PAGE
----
Dennis C. Rasmussen, "The Constitution's Penman: Gouverneur Morris and the Creation of America's Basic Charter" (UP of Kansas, 2023)


Dennis Rasmussen’s new bookThe Constitution's Penman: Gouverneur Morris and the Creation of America's Basic Charter (UP of Kansas, 2023), is a propulsive analysis of one of the key members of the Founding generation, Gouverneur Morris of New York and Pennsylvania. Morris is quite a character—from his reputation as a lady’s man to his brilliant speeches at the Constitutional Convention in Philadelphia in 1787. Rasmussen has pulled together archival research on Morris along with historical and political context to understand the Constitution’s penman, since Morris was responsible for writing the draft of the document that would become the U.S. Constitution.

Gouverneur Morris was a fascinating fellow—and his exploits were well known among his peers and colleagues. Morris, who had been educated at King’s College (now Columbia), and had become a lawyer, made much of his fortune in land speculation. He was active during the Revolutionary War, especially in helping to manage payment and supplies to the troops fighting for the new country. Morris, like Jefferson and Adams, also represented the United States abroad, particularly in France during the revolutionary period there. His capacity to negotiate through the factions during the French Revolution was vital to the United States since he was able to protect both American citizens and U.S. interests in France. Morris’s diplomatic and political expertise was in sharp relief during this period in France. As a Federalist Morris also served in the U.S. Senate, elected in 1800 as the Jeffersonians were coming into office. He was at Alexander Hamilton’s deathbed with him after Hamilton’s duel with Burr. But the central action of The Constitution’s Penman is during the constitutional convention in Philadelphia in 1787.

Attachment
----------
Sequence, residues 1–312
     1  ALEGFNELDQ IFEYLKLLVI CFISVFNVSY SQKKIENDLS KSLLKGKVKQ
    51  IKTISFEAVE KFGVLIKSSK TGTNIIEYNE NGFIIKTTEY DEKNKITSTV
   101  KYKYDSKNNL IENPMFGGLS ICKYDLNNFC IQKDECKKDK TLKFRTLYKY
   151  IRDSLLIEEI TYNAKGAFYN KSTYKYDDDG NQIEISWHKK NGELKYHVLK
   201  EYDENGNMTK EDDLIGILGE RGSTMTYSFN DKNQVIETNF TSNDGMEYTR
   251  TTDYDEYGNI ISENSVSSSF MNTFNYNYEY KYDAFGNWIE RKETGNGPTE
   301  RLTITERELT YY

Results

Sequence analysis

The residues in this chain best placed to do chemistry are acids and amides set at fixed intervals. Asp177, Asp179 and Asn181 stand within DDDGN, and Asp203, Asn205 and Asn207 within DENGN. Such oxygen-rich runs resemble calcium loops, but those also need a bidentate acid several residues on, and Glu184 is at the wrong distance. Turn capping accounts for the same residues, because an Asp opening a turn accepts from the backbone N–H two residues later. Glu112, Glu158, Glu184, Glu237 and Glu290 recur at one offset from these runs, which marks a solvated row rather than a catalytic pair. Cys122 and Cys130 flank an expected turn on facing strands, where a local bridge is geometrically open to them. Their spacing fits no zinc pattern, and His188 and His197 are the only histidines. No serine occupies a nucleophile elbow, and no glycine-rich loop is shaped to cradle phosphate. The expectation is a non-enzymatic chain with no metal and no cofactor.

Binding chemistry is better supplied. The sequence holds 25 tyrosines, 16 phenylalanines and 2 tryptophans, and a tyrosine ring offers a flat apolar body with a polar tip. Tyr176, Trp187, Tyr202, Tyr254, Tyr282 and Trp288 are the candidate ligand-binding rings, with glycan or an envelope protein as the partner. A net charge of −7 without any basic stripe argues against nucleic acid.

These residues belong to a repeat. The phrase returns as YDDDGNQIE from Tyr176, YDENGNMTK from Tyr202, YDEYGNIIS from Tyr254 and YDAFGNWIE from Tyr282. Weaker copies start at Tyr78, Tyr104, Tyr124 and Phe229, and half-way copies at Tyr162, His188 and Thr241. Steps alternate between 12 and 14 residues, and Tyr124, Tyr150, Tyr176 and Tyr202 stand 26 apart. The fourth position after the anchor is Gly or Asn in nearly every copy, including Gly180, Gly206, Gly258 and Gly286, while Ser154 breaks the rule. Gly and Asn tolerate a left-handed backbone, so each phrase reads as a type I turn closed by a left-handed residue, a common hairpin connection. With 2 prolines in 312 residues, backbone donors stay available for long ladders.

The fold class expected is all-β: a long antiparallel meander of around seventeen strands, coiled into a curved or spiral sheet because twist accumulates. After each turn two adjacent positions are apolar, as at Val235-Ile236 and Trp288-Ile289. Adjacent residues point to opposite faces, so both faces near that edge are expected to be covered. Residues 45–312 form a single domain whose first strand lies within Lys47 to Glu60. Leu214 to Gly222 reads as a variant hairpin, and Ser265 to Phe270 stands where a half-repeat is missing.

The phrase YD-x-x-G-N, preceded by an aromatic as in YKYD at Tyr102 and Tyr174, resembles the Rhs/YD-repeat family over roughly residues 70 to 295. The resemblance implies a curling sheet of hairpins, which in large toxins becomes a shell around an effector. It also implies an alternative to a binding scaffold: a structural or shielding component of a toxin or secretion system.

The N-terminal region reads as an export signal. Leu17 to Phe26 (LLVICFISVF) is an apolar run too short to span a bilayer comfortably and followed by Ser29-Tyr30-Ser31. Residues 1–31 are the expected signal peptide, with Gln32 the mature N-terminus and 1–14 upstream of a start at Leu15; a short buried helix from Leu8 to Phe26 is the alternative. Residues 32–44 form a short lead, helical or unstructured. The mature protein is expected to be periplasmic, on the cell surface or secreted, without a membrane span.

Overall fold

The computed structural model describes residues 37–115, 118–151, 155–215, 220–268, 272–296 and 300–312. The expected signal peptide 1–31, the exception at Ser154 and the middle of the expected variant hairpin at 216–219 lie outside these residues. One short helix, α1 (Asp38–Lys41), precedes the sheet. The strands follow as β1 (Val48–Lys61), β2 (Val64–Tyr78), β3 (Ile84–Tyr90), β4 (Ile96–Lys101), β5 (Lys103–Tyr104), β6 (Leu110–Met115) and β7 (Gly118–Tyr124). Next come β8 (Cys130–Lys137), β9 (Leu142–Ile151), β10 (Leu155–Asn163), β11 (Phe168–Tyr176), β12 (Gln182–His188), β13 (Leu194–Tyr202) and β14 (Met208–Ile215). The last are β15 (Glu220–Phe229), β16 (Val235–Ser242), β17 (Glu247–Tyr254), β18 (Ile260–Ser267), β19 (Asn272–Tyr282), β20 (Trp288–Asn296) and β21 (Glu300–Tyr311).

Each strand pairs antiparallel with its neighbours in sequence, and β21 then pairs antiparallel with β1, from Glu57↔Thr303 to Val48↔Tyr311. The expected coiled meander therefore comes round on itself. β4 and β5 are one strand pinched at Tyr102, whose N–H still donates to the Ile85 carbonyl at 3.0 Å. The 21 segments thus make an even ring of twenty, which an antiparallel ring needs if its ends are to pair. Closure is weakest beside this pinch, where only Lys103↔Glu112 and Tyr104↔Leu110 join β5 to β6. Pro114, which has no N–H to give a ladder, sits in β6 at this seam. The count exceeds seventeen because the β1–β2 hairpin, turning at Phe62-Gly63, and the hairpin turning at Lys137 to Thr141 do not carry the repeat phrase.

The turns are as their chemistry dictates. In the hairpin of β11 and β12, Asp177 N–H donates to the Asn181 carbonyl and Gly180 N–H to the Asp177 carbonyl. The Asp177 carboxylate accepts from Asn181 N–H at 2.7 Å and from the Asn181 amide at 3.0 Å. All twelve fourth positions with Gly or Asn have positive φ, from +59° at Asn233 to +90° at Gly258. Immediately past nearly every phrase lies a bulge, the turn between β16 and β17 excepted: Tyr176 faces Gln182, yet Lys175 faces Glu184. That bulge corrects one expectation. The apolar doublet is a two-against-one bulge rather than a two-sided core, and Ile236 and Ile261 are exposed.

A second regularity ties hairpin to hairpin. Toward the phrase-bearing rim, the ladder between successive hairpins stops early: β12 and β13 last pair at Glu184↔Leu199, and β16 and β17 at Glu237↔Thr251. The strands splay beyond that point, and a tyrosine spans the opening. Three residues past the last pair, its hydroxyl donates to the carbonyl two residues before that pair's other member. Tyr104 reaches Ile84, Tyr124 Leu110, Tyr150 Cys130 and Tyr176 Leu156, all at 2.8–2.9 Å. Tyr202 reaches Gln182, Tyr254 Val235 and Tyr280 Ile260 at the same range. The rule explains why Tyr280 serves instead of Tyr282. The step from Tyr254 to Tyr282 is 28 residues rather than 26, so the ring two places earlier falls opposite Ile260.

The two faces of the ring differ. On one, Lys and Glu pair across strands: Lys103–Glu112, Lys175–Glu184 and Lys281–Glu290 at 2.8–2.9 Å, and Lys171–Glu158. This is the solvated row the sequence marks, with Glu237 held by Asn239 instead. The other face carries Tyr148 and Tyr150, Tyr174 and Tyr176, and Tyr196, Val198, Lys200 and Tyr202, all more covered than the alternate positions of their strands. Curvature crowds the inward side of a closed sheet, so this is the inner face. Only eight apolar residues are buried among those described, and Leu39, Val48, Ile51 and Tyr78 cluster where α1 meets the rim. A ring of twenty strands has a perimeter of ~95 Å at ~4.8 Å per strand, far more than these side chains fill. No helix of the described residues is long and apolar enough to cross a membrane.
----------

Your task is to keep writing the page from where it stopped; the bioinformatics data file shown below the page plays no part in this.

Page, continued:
Rasmussen lays out all of the ways that Morris had a hand in the creation of the American constitutional system, even though he was absent from the convention in the early going in June. The bulk of The Constitution’s Penman focuses on each section of the governing structure of the U.S. national system and draws out Morris’ role in shaping these parts of the American system. While some of Morris’ ideas were more extreme than others—including his thinking on the form that the U.S. Senate should take—his ideas and influence are clear throughout the document itself. Rasmussen digs into Morris’ speeches on the floor of the convention, his role in writing up the document—in which he pulled 23 articles into the seven articles that compose the United States Constitution—and his authorship of the Preamble itself. Rasmussen also focuses on Morris’ strident denunciation of slavery at the Convention and elsewhere, becoming, on some level, the Framers’ conscience on the issue of slavery.

Dennis Rasmussen has written a book where the story truly dances off the page—and while Gouverneur Morris himself provides much of the content because of his cosmopolitan approach to life, his sharp wit and intelligence, and his interesting lifestyle—this is quite a compelling read.

Lilly J. Goren is a professor of political science at Carroll University in Waukesha, WI. She is co-host of the New Books in Political Science channel at the New Books Network. She is co-editor of The Politics of the Marvel Cinematic Universe (University Press of Kansas, 2022), as well as co-editor of the award winning book, Women and the White House: Gender, Popular Culture, and Presidential Politics (University Press of Kentucky, 2012). She can be reached

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Lilly Goren

Lilly J. Goren is professor of political science at Carroll University in Waukesha, WI.

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